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Alcohol consumption and presence of coronary artery disease

Session Poster session 6

Speaker Julia Karady

Event : ESC Congress 2016

  • Topic : preventive cardiology
  • Sub-topic : Stress, Psycho-Social and Cultural Aspects of Heart Disease
  • Session type : Poster Session

Authors : J Karady (Budapest,HU), B Szilveszter (Budapest,HU), ZD Drobni (Budapest,HU), M Kolossvary (Budapest,HU), D Danicska (Budapest,HU), G Marosi (Budapest,HU), A Bartykowszki (Budapest,HU), AL Jermendy (Budapest,HU), M Karolyi (Budapest,HU), A Panajotu (Budapest,HU), Z Bagyura (Budapest,HU), B Merkely (Budapest,HU), P Maurovich-Horvat (Budapest,HU)

Authors:
J. Karady1 , B. Szilveszter1 , Z.D. Drobni1 , M. Kolossvary1 , D. Danicska1 , G. Marosi1 , A. Bartykowszki1 , A.L. Jermendy1 , M. Karolyi1 , A. Panajotu1 , Z. Bagyura1 , B. Merkely1 , P. Maurovich-Horvat1 , 1Semmelweis University Heart Center, MTA-SE Lendulet Cardiovascular Imaging Research Group - Budapest - Hungary ,

Citation:
European Heart Journal ( 2016 ) 37 ( Abstract Supplement ), 1136

Aims: Several observational studies suggested that light alcohol consumption decreases cardiovascular risk. However, the data regarding regular alcohol consumption and its association with coronary artery disease (CAD) still remain controversial.

Objectives: The aim of this prospective clinical study was to investigate the association between alcohol-consumption and the presence of CAD as detected by coronary computed tomography angiography (CTA).

Methods and materials: Consecutive patients who were referred for coronary CTA due to suspected CAD were enrolled in our study. We excluded patients under the age of 18 years and patients with history of stroke, acute myocardial infarction or coronary revascularization. The weekly alcohol consumption was registered using a questionnaire. Alcohol units were calculated as follows: 1 unit equals 2 dl beer or 1 dl wine or 4 cl spirit. Based on the presence or absence of any plaque on coronary CTA we classified the patients into CAD and no CAD groups.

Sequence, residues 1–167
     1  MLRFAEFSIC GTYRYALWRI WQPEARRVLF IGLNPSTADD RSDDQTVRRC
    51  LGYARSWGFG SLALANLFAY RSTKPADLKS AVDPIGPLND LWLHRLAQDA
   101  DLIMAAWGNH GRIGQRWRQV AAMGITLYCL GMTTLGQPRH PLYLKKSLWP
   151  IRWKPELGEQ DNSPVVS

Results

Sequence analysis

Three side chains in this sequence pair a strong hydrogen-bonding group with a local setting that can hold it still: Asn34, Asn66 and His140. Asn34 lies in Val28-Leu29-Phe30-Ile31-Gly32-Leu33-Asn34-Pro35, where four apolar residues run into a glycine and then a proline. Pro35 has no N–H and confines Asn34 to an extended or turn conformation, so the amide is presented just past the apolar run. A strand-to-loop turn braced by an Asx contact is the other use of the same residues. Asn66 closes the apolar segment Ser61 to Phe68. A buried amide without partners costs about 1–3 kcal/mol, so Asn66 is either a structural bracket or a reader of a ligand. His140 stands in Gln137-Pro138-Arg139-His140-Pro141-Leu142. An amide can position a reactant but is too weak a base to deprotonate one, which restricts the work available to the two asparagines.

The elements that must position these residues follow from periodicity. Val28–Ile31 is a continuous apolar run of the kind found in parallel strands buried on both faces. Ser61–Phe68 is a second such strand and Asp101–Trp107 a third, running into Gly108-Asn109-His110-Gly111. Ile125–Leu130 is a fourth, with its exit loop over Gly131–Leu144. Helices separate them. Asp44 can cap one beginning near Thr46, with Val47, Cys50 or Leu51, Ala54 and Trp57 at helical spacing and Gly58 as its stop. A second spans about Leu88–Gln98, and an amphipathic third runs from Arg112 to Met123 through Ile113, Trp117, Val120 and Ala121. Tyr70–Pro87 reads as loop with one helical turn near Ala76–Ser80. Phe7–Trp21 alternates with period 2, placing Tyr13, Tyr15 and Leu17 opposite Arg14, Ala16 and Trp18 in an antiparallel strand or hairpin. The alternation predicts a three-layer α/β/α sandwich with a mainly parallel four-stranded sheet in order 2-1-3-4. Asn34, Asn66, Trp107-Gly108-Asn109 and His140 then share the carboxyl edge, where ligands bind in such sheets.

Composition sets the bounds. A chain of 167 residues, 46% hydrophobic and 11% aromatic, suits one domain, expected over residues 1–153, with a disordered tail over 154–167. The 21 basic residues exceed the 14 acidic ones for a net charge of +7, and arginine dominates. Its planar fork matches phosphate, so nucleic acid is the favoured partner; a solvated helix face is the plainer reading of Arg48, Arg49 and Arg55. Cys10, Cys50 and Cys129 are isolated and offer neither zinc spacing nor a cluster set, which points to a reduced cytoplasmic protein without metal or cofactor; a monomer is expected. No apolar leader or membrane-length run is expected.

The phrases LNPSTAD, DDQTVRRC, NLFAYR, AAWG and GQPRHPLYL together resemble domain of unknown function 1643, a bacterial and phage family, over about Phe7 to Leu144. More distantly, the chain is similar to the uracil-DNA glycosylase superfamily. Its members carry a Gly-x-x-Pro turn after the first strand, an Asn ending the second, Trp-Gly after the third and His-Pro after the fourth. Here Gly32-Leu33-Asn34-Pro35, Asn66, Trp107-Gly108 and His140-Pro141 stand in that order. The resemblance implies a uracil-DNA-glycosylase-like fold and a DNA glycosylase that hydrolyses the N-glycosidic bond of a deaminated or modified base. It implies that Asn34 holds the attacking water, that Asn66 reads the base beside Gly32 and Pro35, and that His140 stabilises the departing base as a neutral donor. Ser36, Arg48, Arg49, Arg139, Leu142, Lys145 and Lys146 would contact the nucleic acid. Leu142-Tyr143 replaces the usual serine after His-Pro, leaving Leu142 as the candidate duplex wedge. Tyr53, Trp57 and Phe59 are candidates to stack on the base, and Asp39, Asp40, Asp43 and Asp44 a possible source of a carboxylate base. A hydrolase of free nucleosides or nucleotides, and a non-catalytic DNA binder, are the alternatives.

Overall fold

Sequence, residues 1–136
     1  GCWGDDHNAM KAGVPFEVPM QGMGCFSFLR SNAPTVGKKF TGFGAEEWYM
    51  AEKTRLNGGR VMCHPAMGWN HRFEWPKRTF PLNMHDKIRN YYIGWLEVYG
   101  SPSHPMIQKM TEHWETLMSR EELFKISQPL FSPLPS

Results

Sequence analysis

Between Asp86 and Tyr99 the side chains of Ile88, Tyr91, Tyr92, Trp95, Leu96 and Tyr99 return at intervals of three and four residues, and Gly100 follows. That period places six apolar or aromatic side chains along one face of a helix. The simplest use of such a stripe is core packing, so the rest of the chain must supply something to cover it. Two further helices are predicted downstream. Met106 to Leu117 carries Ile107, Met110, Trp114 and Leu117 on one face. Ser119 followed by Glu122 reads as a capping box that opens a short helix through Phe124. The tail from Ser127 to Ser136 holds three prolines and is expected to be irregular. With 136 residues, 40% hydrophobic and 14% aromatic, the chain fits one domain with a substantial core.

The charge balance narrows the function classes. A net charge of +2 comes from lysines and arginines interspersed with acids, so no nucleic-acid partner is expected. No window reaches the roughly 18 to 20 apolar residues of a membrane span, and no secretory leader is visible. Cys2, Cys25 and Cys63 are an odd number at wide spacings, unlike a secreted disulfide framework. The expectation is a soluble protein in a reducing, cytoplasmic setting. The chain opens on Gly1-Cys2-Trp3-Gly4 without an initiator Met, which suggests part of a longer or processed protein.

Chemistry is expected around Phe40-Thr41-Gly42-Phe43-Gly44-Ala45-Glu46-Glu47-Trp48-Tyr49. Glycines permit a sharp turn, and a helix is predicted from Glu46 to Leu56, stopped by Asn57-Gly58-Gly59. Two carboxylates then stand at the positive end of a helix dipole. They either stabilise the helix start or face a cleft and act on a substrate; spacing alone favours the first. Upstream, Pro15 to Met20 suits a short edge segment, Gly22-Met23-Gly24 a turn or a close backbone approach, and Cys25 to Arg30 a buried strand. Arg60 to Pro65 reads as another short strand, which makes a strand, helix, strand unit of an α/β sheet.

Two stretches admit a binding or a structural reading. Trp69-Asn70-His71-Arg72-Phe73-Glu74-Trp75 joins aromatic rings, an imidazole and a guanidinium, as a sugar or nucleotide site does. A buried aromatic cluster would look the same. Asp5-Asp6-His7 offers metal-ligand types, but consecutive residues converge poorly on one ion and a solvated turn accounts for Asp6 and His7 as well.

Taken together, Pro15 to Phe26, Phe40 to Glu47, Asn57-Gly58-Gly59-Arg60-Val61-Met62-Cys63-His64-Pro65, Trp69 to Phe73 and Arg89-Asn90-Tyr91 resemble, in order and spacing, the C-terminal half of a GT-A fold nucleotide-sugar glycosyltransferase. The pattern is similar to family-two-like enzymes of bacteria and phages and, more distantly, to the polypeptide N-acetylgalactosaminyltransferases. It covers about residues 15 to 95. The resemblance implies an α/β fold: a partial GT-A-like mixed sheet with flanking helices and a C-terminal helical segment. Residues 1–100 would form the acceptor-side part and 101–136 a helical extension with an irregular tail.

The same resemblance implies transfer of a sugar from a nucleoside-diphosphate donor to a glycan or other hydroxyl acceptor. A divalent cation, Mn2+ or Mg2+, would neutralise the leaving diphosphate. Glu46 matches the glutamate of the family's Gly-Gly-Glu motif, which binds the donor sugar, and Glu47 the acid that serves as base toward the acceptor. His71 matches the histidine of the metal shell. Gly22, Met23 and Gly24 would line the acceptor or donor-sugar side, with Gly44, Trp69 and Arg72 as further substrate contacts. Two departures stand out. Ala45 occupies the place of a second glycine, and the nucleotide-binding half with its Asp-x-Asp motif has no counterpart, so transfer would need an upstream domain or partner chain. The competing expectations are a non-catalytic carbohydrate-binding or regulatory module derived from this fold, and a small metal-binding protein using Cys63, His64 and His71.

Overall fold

Results: In total, 1925 patients were enrolled (mean age 57.3±16.1 years, females 43.1%). 61.3% participants had hypertension (HT), 13.7% had diabetes mellitus (DM), 40.7% had dyslipidemia (DLP) and 40.1% of the patients were current smokers. Atherosclerotic plaque was present in at least one coronary segment in 74.3% of the patients. Alcohol consumption was reported by 37.3% of the patients with a median of 6.7 (IQR: 3.3;10.8, range: 0.2–66.7) units weekly. Using univariate analysis to compare CAD positive patients and CAD negative patients we found significant difference regarding cardiovascular risk factors (p<0.001) but no difference in alcohol consumption (p=0.35). After adjusting for age, gender, HT, DM, DLP and smoking with logistic regression we found no association between alcohol consumption and the presence of CAD (OR:1.00; CI:0.98–1.02; p=0.76). We performed a secondary analysis to assess the relationship between alcohol consumption and CAD among no drinkers and light drinkers (maximum 14 units per week; 82.7% of alcohol drinkers) and found no association (OR: 1.02; CI:0.98–1.06; p=0.33). Furthermore, we have analyzed the effect of different alcohol types (wine, beer, spirit) on the presence of CAD, but no relationship was found between any of the alcohol types and CAD (all p>0.05).

Conclusion: Our study suggests that the amount of weekly alcohol consumption does not show association with the presence of CAD. We could not detect any association between alcohol consumption and CAD among light drinkers either. In addition, we did not find any association between the different alcohol types and the presence of coronary atherosclerosis.

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